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  • Writer's pictureDINA HAWTHORNE


It's 4:42 am, and I am thinking about how my 30s has been such a tumultuous experience, causing me to wonder if my 20s was simply a preparation for the pain I would battle within my 30s.

              I thought I knew pain. I thought I knew heartbreak.

My life leading up to where I am in my life now, I know only one thing is sure, "God is real!" I look back at the fires Christ put out, the mountains he moved, the hills he helped me climb over, the deep waters he pulled me out of before I drowned and out of all the other experiences I have had, saving me from the darkness that I embraced because the pain I felt was too bold and too big and too suffocating; I didn't know it was possible, I didn't believe I could experience joy or happiness.

        Was this experience real? Am I to pretend to be happy for the rest of my life? Is happiness laughing all the time and having a lesson in life that did not hurt?

I wouldn't know, because moments I felt were happy were always attached to ulterior motives mainly, drowning out moments that may have been genuine. After all, despair tipped the scale. The early part of my life was reminiscent of the blindfolded woman of justice, with her weighted levels, always hanging in favor of those who can afford to get out of trouble – I was born into a deficit, made to make something out of colorful lies.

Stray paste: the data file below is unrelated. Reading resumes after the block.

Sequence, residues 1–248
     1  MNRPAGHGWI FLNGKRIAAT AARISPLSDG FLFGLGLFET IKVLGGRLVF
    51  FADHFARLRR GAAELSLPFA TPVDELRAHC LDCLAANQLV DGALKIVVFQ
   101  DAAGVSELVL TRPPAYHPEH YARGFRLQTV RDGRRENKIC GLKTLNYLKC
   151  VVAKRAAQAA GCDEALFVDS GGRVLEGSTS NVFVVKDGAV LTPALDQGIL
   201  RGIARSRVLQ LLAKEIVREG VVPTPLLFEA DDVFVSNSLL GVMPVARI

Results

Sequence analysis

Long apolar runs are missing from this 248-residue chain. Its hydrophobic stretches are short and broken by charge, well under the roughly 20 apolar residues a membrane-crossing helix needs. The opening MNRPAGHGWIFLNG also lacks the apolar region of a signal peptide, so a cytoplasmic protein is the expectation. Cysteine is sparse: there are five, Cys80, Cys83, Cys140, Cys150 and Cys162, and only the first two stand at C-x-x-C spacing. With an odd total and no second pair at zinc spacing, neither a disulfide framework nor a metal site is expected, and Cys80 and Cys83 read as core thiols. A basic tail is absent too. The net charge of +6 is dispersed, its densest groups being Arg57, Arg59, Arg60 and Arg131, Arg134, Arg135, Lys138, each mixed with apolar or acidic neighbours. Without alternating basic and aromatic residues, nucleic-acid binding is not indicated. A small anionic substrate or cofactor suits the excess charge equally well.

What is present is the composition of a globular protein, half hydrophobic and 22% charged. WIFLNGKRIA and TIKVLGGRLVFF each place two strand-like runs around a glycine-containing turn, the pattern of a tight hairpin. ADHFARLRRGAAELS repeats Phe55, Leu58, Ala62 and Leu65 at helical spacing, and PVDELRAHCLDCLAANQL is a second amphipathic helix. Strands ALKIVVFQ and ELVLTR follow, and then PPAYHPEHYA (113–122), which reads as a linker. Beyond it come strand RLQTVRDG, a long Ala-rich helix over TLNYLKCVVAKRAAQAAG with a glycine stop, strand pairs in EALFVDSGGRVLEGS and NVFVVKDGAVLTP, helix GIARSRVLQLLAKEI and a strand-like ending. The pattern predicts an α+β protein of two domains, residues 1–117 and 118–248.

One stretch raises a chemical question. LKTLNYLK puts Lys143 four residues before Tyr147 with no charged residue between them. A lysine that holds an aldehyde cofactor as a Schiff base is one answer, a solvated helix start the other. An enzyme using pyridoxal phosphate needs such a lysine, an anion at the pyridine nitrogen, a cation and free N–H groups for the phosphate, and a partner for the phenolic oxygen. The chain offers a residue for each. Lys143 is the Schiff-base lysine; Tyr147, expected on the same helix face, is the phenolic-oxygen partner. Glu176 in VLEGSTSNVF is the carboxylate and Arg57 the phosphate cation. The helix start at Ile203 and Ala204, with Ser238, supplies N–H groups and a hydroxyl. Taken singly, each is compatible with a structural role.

I ran towards being adult because I thought, I believed I would be able to shake the trauma, bury it in moments I will create to eradicate the pain inflicted on me. No one told me it would follow me; it would challenge me in ways that scared me, push me to pray to God to close my eyes and usher me into a death-like slumber. They say God answers prayers, I learned, as I got older, according to his will. So, as I am still present, I believe when it is my time to go, it would be his will then. Until then, I must be present in each transition period I am allowed to partake in.

          I think of my 30s now as the time in my life to unpack and put down, to look God in the eyes and say, "Ookay, prepare my heart for despair and grant me peace and comfort as untimely events occur, and if it may be that you know, it is too much for me to handle, close my eyes and let me rest, and have my family take me to the sea and scatter my ashes."

So, I step boldly into this newness called happiness. I finally figured it out. Happiness for me is reflecting on all that you've endured and still being able to have the ability to dream; to know your pain didn't destroy your ability to dream. My dreams don't fulfill me, it makes me happy, it makes me feel alive, and that's enough for a tortured life, such as mine.


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